Professor of Physicsfinley@purdue.edu
Office: Physics 302
Telephone: (765) 494-5048
Fax: (765) 494-0706
B.S., Physics 1984 West Chester University
Ph.D., Physics 1990 University of Wisconsin-Madison
Prof. Finley carries out a multi-wavelength research program in astrophysics with a primary emphasis on the physics of compact objects and their interstellar environs. The research program involves data acquired at optical wavelengths (energies ~ eV) through the very high energy gamma-ray (energies ~1012 eV). Compact objects are endpoints of stellar evolution and their extremes of density (p > pNuclear), magnetic field (B ~1012 Gauss), and temperature (TSurface > 106 K) present unique laboratories for the study of matter which can not be duplicated in a terrestrial setting. The physics and astronomy issues which are addressed in this research touch upon many fundamental physics issues: the equation of state of ultradense matter, the nature of matter in the presence of large magnetic fields, the coupling between the stellar matter and the dynamics of the stellar rotation, the electrodynamics of the magnetosphere and the origin of the cosmic rays, the origin of the "pulsar" mechanism, and the nature of the massive compact objects which lie at the heart of active galactic nuclei to name a few. Insight into these issues requires a comprehensive overview of the energetics in the optical, ultraviolet, X-ray, and gamma-ray energy bands of the electromagnetic spectrum. Prof. Finley participated in optical campaigns utilizing large telescopes of the National Optical Astronomy Observatory at both Kitt Peak in Arizona and Cerro Tololo in Chile, the National Observatory of Mexico(UNAM) in Baja California, Mexico and the European Southern Observatory (ESO) at Cerro La Silla in Chile. The ultraviolet, X-ray, and low energy gamma-ray studies have been carried out as a guest observer with several orbiting space based telescopes operated by NASA: the Extreme Ultraviolet Explorer (EUVE) in the UV domain; the Roentgen Satellite (ROSAT), the Advanced Satellite for Cosmology and Astrophysics (ASCA), and Chandra in the soft X-rays; the Rossi X-ray Timing Explorer (RXTE) and the Compton Gamma-Ray Observatory (CGRO) in the hard X-ray/gamma-ray region. At the highest accessible gamma-ray energies, as part of the VERITAS collaboration, Prof. Finley utilizes the 10m telescope at the Fred Lawrence Whipple Observatory on Mt. Hopkins in Southern Arizona.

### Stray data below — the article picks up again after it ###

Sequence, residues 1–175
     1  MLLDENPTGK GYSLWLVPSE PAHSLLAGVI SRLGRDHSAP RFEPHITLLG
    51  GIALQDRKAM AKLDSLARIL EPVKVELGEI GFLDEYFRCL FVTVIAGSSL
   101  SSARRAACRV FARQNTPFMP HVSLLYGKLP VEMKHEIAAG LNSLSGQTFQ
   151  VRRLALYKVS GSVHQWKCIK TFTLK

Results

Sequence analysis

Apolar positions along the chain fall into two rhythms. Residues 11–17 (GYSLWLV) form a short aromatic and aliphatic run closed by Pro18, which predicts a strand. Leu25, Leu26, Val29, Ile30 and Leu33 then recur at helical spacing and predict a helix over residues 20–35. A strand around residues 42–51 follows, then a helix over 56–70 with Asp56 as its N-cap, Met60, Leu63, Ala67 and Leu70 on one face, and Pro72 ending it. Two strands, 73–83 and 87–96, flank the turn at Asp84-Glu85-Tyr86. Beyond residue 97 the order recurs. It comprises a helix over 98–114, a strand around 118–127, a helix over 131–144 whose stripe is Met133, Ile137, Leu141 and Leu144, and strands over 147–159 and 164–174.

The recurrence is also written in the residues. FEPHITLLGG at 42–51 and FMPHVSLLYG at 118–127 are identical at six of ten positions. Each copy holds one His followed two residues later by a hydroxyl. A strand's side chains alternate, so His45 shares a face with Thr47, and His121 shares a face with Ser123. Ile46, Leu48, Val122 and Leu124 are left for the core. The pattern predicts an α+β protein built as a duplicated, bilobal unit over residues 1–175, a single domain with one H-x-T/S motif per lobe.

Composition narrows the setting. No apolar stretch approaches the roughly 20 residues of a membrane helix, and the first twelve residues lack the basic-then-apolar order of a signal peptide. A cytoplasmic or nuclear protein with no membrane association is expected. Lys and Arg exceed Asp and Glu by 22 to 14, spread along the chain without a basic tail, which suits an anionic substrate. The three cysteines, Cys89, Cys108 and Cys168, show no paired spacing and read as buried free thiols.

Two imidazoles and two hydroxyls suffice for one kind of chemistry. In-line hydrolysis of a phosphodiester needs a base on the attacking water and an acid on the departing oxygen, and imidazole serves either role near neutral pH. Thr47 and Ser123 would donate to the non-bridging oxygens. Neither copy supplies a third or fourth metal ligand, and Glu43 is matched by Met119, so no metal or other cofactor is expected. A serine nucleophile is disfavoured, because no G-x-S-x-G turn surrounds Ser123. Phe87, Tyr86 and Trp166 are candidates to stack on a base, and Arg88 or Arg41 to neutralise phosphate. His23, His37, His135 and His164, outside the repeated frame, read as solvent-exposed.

Future research efforts involve the pursuit of the above outlined avenues of investigation utilizing the next generation of detectors in both the VHE gamma-ray domain and aboard X-ray/Gamma ray satellites. Prof. Finley is presently involved in the construction phase of a large project called VERITAS (the Very Energetic Radiation Imaging Telescope Array System), an array of 7 VHE gamma-ray telescopes which is the next step in ground based gamma-ray astronomy. The array, when complete, will push the sensitivity and energy threshold down by yet another order of magnitude and will overlap in bandpass with space based observatories for the first time. This proposal won an internal Smithsonian competition and construction began in fiscal year 2003 and will extend through fiscal year 2006. Funds in support of the Purdue effort originate with the Department of Energy. Prof. Finley plans to explore advanced detector designs utilizing recent technologies such as avalanche photodiodes (APDs) and hybrid photomultipliers for this effort. This project is expected to have duration well into the second decade of this millennium.
The research which Prof. Finley pursues in the X-ray domain will continue with advanced detectors which are soon to be placed in orbit by NASA. The large bandpass, imaging capabilities, and spectral resolution of CHANDRA will allow the programs which he has been carrying out to become more refined. The expected duration of the CHANDRA mission has a baseline of 10 years and will probably proceed beyond that time frame. The current suite of space based detectors which he has been utilizing as a guest observer will gradually be phased out over the first few years of the CHANDRA mission but will still be viable research tools in the interim.